Via Calculated Risk, apparently Wells Fargo is suing itself over a mortgage foreclosure, which Fox Business columnist Al Lewis fails to understand, and so, because it's Fox, decides to criticize:
You can't expect a bank that is dumb enough to sue itself to know why it is suing itself.
... In this particular case, Wells Fargo holds the first and second mortgages on a condominium, according to Sarasota, Fla., attorney Dan McKillop, who represents the condo owner.
As holder of the first, Wells Fargo is suing all other lien holders, including the holder of the second, which is itself.
Most of the column slams Wells Fargo for being stupid, for wasting paper, for abusing the legal process, etc., rather than trying to explain why the bank did this. Possibly, Lewis could read the third paragraph of his own column, in which he quotes a Wells Fargo spokesman explaining that "[d]ue to state foreclosure laws, lenders are obligated to name and notify subordinate lien holders." Guess how you're required to do that in most states' foreclosure laws? Through a court filing.
As one who possesses a (seldom-used and quite dusty) juris doctorate, I understand why this looks odd but is, in fact, appropriate under the law. The bank has this obligation so that other leinholders' rights are protected. Lewis, himself about as ignorant of the law as he is of journalism, asks "wouldn't it be easier for Wells Fargo to release one of the liens to itself?" I'm not sure what he means, because he doesn't seem to understand the fundamentals of real property law. As the bank's spokesman said, "The primary reason is to clear title and ownership interest in a property to prepare it for sale." (Emphasis mine.) It's not a contested suit; Wells Fargo will not be taking itself "to the Supreme Court," despite how much Lewis would enjoy that.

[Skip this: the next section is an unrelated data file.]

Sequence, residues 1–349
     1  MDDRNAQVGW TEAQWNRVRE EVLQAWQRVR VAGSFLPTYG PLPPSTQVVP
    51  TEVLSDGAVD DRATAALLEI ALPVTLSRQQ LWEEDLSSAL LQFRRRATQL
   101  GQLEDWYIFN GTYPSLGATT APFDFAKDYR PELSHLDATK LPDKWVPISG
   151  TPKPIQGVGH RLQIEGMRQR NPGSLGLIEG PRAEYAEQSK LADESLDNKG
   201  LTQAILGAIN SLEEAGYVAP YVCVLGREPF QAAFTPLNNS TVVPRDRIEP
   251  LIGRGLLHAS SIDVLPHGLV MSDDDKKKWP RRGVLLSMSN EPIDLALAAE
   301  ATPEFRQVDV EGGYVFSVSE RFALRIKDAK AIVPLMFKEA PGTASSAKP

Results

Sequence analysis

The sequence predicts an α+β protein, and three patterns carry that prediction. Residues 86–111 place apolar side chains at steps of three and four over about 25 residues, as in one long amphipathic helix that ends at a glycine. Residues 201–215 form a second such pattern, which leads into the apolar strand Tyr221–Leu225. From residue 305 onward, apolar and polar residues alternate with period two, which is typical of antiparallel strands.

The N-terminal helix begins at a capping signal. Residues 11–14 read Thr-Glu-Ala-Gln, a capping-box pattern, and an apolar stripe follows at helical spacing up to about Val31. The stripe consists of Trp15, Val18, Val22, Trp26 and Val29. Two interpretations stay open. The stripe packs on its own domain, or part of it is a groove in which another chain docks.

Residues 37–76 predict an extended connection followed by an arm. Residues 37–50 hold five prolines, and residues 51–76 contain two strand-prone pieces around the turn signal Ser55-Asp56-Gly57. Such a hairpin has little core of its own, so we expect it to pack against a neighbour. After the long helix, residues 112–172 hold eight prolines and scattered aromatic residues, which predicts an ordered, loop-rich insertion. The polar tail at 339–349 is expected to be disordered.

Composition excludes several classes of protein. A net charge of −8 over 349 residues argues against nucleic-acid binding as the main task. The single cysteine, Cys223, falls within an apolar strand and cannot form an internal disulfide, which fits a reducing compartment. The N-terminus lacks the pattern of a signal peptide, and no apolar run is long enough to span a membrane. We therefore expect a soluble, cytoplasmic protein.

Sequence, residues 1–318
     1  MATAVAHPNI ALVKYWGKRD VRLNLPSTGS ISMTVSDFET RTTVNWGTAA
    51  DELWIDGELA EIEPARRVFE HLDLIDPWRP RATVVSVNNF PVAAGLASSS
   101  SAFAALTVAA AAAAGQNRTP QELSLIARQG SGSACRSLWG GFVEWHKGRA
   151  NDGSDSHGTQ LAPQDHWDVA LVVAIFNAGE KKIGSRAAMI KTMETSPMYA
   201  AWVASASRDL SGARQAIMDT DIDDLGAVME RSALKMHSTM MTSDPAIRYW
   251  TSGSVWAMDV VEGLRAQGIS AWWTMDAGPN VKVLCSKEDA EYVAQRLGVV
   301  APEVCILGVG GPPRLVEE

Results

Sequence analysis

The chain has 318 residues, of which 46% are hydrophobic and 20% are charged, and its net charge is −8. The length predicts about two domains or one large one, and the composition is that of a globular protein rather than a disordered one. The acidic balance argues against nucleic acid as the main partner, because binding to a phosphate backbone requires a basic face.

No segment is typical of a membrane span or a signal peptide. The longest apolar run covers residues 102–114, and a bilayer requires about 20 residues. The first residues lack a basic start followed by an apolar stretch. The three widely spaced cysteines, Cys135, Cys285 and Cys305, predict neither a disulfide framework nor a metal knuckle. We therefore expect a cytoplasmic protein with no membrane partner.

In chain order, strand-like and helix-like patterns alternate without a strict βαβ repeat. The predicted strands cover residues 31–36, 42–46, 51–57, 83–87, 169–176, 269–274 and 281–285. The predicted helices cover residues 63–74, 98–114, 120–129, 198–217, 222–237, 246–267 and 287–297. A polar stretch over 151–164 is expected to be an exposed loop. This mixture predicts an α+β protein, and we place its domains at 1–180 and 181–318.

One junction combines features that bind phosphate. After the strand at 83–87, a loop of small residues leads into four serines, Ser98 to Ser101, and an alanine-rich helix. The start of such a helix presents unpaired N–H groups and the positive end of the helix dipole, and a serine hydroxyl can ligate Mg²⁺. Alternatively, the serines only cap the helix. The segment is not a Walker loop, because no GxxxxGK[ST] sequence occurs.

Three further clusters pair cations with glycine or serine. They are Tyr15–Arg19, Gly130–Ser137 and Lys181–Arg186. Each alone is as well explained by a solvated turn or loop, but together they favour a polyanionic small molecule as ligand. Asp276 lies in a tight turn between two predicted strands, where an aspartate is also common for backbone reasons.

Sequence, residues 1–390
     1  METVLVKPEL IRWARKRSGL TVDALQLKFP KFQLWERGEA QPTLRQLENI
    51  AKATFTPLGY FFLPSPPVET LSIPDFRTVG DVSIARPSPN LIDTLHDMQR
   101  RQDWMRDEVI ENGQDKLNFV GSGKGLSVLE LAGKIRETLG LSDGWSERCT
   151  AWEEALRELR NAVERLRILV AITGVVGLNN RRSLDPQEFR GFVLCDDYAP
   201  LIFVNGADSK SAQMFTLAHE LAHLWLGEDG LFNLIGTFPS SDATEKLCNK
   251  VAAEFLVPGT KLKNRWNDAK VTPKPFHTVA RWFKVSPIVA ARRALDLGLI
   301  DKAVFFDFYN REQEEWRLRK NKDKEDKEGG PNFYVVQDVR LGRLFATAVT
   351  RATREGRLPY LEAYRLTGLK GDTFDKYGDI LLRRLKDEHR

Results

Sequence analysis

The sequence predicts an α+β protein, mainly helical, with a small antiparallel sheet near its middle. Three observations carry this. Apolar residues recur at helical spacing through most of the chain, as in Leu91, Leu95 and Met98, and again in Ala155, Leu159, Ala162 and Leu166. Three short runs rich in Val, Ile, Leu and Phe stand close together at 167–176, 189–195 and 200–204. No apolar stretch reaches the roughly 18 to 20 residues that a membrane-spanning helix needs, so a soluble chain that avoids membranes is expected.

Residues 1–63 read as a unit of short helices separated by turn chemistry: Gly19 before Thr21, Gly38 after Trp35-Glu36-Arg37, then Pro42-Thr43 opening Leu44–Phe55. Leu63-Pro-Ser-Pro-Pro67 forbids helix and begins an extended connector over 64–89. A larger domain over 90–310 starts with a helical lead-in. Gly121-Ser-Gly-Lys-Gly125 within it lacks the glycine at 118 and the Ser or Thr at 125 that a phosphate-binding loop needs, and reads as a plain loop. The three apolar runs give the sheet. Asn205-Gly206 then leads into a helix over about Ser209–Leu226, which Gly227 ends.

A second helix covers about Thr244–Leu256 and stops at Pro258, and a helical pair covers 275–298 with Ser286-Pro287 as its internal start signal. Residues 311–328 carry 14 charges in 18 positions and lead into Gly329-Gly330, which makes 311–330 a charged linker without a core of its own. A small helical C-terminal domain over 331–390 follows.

In the alternative I suppose Lewis could mean that Wells Fargo should simply walk away from the second lein, which would, in effect, put money in the pockets of all the other leinholders at its own expense. That would not only be stupid, it could generate a shareholder derivative suit.
The truly stupid person here is Lewis, who refuses to understand what his own sources are saying in his own column.
Since Lewis' main source seems to be the owner of the property under foreclosure, you can bet that if Wells Fargo had done something hinky with the second mortgage, Lewis would be all over that, too. That this is a complicated and somewhat nuanced legal situation doesn't seem to enter into his thinking; the Rights of the People (including—or, given this is Fox again, especially—those of millionaire property developers) Must Be Protected. The Outrage! The Outrage!
In sum: the bank really, really doesn't want to sue itself, a point several bank and legal sources make clear in the column to any person of average literacy. The bank has no choice, both as a matter of Florida law and as a matter of arithmetic. Yes, the bank probably shouldn't have agreed to an 80/20 mortgage during a real-estate boom on overly-optimistic condo project, and as pennance will now have to eat a good bit of both loans. But Lewis would rather waste column-inches getting mad rather than do what he as a journalist should do, which is to understand and explain a seemingly odd event.
Again, though, this is Fox. Understanding is not encouraged.